Dave: If I’d been in the private sector, I think I would have probably damned my future and it’s because it’s a symptom of not being able to cope, so there’s a suspicion that on one day (…) you going to do something unusual.
Then, there’s the isolation that results from this pervasive myth:
Henry: I felt ‘I’m the only guy in the world this has happened to’. So it can be quite an isolating thought as well ‘and no other guys have had this problem. What’s wrong with me? Why have I succumbed to this if no-one else has?’
Of course, this problem extends to the scientific literature on EDs as well. Saren talked about the same circular problem that occurs with ethnic minorities that are also thought to be immune from getting EDs, in an earlier post. It goes something like this: existence of stereotypes (ie, men don’t get EDs!) –> clinicians fail to recognize this subgroup as having an ED worthy of getting professional treatment –> said subgroup feels dismissed and ignored –> clinical presentation of individuals with EDs stays homogenous –> and the cycle goes on.
Henry: All the books are directed at women which is even more ‘this shouldn’t be affecting me. This is not something I should have a problem with’.
Greg: It’s [treatment literature] all geared towards women really, yeah. I wouldn’t mind finding out a little more geared towards men really. I don’t know what the differences are, this is the thing.
I think this theme that Robinson and colleagues identified is really important and relevant not only to men with EDs, but also gender nonconforming individuals and females as well. I certainly can relate to some of these comments that the participants made with regard to the benefits of having an eating disorder (“managing stress, feeling more in control, providing comfort, suppressing sexuality, regulating distance with others”)
Greg: There was nothing else to really enjoy, and nothing else I could really control as well … it was a sense of control. I felt that my eating was like an outlet, it just made me happy.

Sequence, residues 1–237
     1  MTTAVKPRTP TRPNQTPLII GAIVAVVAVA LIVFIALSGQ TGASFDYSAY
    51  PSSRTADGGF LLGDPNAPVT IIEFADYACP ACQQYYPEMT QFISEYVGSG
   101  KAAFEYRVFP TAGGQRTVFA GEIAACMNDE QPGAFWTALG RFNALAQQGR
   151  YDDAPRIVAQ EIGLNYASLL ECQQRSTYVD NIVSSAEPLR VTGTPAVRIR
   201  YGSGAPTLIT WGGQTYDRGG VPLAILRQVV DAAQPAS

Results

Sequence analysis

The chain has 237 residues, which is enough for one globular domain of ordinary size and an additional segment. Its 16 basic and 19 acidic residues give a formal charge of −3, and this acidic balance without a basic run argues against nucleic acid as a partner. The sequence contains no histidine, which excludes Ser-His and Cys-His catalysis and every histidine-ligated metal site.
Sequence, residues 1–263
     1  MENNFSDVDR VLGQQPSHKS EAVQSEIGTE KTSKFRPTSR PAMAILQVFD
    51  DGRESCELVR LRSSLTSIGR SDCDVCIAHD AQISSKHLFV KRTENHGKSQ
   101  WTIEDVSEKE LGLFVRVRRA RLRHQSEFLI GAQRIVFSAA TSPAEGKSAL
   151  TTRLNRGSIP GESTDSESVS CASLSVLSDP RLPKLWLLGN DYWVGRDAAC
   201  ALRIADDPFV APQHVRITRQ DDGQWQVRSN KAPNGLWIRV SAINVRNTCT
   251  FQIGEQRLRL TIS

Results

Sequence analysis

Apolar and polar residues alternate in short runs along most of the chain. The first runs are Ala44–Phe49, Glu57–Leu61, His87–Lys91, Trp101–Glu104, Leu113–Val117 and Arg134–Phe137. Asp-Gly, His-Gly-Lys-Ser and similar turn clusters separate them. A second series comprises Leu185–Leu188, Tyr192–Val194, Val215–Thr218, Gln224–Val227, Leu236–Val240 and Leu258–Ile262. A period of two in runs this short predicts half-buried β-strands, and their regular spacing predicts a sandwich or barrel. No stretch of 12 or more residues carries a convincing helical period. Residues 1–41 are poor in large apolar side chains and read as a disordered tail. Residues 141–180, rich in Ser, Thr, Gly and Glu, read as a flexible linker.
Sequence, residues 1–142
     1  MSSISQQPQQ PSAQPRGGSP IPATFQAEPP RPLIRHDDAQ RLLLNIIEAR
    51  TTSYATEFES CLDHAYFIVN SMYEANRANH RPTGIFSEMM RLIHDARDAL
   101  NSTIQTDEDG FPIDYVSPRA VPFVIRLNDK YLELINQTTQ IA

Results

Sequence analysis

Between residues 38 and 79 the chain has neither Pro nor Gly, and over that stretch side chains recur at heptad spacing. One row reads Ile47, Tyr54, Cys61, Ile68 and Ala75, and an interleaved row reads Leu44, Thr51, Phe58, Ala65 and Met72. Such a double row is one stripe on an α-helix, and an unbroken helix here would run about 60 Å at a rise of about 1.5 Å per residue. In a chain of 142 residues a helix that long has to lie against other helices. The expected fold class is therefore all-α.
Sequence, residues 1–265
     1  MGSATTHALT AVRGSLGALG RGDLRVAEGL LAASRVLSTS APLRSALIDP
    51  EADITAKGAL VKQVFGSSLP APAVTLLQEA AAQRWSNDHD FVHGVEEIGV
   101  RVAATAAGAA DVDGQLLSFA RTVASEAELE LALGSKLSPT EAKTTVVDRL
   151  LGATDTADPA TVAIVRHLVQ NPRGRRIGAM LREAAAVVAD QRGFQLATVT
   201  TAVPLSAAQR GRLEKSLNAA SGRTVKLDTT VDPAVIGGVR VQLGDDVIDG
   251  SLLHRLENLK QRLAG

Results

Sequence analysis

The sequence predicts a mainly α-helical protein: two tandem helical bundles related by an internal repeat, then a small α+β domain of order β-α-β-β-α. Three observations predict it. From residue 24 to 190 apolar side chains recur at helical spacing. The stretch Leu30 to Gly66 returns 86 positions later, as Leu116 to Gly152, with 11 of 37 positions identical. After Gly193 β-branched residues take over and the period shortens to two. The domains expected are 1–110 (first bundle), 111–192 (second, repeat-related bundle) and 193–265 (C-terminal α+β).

Frank: Part of the thing that I really value about being underweight is that is suppresses my sexuality.
Here are some personal thoughts I’ll share, because I think it is important. I can really relate to Frank. Honestly, it is just so nice to have that out of the way when your natural libido levels are high. Nevermind that amenorrhea also makes life so much simpler. For me, too, one of the things I really enjoyed about being underweight was not being noticed or seen as physically/sexually attractive. That feeling has gotten better in the last 1-2 years, perhaps due to being in a long-term serious and absolutely amazing relationship, perhaps for other reasons. I’m not entirely sure. But, I definitely hated any kind of sexual attention, particularly from the opposite-sex, in high school and my undergraduate years. Weight loss removed that. I was too thin to be sexy or attractive. I loved that.
I felt uncomfortable in my naturally curvy body, but, for me, this stems from that body being seen as “sexy”, especially by males, in our culture. In retrospect, I think this came from wanting to feel equal. And I didn’t, and, frankly, I still often don’t. Getting rid of my curves meant being listened to for what I have to say, and what I have to say only. I think these things played into my eating disorder (as well as my sexual orientation). But I’m not sure. It didn’t start it, it didn’t continue it, either, but, it played some role in the whole process. Without these feelings, I’m sure I would have still had an ED. But, it is a part, maybe a very small part, but a part of it nonetheless.
Unsurprisingly, Robinson goes on to say that “participants had various struggles with identity conflicts around their gender identities, sexual identities, who they were and their acceptability”. It is a common theme, I find. Certainly not for all. I would think it is probably not even true for a majority (just a guess!), but, it is a theme that definitely needs to taken into consideration when thinking about treatment. EDs that are accompanied by gender or sexual identity issues likely require a slightly different approach to recovery than the typical fluff of “accepting your body” and you know, drawing those pictures of what you think your body dimensions are, etc. etc..
These themes don’t disappear for men: